July 07

On Tuesday, 6 July 2021 at 20:53:12 UTC, Dylan Graham wrote:

>

Inspiration from this r/C_Programming post

What's something you learnt or realised, a habit you developed, something you read or project you worked on that helped accelerate your understanding and/or productivity in D?

  • Arrays and Associative Arrays never need null checks. Their null state is equivalent to their empty state, so you can always safely insert elements or query their .length. In Java I commonly wrote null checks at the start of functions, I rarely need those in D.

  • Template arguments can be any compile-time known value. Coming from Java, I was used to seeing types in angle brackets ArrayList<String> which would be ArrayList!string in D, but D also allows map!"a.x" or octal!10. It took a while to get accustomed with that idea, but it makes templates very useful for other things than type polymorphism.

  • UFCS is not just syntactic sugar, but also enables certain generic code. E.g. an input range can define an enum empty, a variable bool empty;, or a function bool empty() {...}, and then you can access .empty on all of them. Other languages require parentheses for the function, or have the habit to capitalize constants ("EMPTY").

  • This is not specific to D, but the Git Lens VS Code extension is really useful when working on dmd/phobos/druntime. It immediately shows whether the code you're looking at was unchanged for 8 years or recently edited as part of a bug fix, and often helps to clear up why the code was written when there are no comments.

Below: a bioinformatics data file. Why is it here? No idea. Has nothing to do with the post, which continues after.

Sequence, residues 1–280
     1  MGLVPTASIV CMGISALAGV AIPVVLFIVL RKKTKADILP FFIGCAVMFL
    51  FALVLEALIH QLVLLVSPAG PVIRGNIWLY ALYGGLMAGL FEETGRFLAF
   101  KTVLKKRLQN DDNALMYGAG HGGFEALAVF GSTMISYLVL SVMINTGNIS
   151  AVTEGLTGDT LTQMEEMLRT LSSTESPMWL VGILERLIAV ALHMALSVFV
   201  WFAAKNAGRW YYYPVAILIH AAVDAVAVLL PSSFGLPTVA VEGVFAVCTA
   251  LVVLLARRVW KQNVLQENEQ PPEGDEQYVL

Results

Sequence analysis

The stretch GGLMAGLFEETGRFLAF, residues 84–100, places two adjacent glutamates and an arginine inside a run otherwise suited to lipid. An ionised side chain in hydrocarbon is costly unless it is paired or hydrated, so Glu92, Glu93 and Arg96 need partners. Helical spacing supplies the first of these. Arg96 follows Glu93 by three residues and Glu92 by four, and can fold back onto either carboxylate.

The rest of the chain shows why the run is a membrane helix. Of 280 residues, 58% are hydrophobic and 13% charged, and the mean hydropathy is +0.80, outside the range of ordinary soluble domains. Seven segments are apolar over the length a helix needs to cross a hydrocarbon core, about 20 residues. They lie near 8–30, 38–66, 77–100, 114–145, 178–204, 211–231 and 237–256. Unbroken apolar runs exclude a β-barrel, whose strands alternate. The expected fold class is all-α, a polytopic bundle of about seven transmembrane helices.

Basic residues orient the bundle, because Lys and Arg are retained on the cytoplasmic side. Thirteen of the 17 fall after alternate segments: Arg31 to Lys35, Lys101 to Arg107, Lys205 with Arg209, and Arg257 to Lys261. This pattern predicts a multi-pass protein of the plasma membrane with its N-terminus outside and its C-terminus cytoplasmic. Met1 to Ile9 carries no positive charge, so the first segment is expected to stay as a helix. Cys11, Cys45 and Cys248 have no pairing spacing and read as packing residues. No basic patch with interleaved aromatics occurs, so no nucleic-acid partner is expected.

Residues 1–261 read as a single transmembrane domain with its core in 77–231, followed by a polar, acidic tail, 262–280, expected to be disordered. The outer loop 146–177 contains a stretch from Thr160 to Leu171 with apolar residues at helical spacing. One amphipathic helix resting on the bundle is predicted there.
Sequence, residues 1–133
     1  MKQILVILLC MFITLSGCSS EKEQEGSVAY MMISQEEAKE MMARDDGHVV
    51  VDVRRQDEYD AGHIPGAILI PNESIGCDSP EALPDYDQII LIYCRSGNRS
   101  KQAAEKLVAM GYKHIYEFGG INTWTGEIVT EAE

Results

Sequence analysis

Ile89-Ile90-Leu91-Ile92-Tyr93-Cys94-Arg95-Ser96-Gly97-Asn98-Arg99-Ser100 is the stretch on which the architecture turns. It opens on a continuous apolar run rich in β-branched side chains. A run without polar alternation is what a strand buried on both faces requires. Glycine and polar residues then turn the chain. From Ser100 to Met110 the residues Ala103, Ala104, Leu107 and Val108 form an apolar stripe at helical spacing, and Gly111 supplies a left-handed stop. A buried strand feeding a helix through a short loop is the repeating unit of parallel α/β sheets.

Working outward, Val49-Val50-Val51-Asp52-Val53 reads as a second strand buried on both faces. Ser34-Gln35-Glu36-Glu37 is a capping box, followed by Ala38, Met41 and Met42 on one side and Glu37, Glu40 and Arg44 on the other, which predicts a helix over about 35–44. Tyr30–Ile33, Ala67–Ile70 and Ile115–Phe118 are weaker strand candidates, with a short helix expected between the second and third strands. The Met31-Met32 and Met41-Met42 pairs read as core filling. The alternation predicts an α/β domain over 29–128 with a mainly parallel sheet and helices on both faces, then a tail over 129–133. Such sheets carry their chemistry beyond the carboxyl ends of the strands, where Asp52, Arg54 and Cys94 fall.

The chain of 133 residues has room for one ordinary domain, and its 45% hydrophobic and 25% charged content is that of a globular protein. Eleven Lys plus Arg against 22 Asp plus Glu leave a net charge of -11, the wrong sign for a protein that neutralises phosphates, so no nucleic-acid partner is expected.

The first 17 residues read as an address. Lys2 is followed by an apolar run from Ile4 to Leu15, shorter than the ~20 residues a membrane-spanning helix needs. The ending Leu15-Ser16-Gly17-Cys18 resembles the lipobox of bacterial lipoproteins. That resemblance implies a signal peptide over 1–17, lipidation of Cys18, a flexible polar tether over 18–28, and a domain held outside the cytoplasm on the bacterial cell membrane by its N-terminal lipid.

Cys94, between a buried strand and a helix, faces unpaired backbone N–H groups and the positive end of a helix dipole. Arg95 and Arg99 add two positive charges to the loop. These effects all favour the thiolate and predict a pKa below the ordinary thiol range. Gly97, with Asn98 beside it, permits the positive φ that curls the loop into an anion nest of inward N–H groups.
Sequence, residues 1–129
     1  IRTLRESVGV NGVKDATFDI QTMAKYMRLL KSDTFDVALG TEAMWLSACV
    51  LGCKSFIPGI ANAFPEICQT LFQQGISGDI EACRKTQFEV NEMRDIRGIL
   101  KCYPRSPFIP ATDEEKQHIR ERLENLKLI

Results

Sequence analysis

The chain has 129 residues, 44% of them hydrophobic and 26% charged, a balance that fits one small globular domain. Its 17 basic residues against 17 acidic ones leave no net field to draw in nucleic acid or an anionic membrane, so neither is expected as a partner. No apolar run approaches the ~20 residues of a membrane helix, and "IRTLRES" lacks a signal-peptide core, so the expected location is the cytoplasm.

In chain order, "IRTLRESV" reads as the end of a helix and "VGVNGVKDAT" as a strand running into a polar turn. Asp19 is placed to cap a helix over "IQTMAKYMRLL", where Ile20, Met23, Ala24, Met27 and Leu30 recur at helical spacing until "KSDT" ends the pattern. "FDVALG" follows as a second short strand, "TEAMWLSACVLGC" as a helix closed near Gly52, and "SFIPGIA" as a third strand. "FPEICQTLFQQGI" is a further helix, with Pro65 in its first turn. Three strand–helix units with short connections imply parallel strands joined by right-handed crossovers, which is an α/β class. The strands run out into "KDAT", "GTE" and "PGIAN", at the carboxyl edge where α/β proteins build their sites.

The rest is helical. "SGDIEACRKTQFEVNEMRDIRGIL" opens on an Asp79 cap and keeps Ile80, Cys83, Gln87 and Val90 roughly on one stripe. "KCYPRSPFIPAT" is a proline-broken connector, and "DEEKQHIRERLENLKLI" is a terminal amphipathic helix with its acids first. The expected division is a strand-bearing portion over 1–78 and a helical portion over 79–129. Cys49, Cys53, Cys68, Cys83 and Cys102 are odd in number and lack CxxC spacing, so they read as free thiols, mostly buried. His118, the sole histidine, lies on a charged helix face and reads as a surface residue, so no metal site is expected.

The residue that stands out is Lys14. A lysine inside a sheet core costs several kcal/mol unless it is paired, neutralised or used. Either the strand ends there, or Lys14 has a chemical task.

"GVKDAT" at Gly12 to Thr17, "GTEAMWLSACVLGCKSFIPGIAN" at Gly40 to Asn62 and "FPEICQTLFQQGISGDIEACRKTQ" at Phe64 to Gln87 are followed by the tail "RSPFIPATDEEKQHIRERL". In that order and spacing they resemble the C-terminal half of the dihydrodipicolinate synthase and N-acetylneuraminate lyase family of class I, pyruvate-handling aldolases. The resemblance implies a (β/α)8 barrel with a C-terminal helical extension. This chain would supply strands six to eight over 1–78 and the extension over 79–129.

July 07

On Wednesday, 7 July 2021 at 12:49:34 UTC, Paulo Pinto wrote:

>

Not really, in Java you can do it with annotation processors and compiler plugins at compile time, whereas in C# you can do it with code generators or T4 templates.

Good to know.

July 07
On Tuesday, 6 July 2021 at 20:53:12 UTC, Dylan Graham wrote:
> What's something you learnt or realised, a habit you developed, something you read or project you worked on that helped accelerate your understanding and/or productivity in D?

-That I have many lurking bugs in my code that end-to-end testing will never discover. I realized that in the first project where I unit tested in serious amounts.

-That regardless of the above, I should not try to unit test everything. If a quality application is the aim, then sure I need to unit test most stuff before declaring 1.0. But premature optimization with reliability is almost as bad as with performance.

-That it's good to document versions of the compiler, DUB and libraries I'm using. Even better is to use a reproducible build environment like Flatpak or Nix.

-(this wasn't discovered while using D, but applies to D anyway) That it's definitely good to use version control for anything serious, even if I'm the only programmer! It does have a bit of learning curve, but it has a LOT of benefits. I don't necessarily need to have a cloud backup, using an USB stick as a backup repository works too.

-That I should use a regular release of DMD compiler as a default -not the development build of DMD I happen to have last done. This applies to any part of D toolchain of course.
July 09

On Tuesday, 6 July 2021 at 20:53:12 UTC, Dylan Graham wrote:

>

Inspiration from this r/C_Programming post

What's something you learnt or realised, a habit you developed, something you read or project you worked on that helped accelerate your understanding and/or productivity in D?

For example, mixin templates finally clicking and you realise how to use them in your code base. Stuff like that.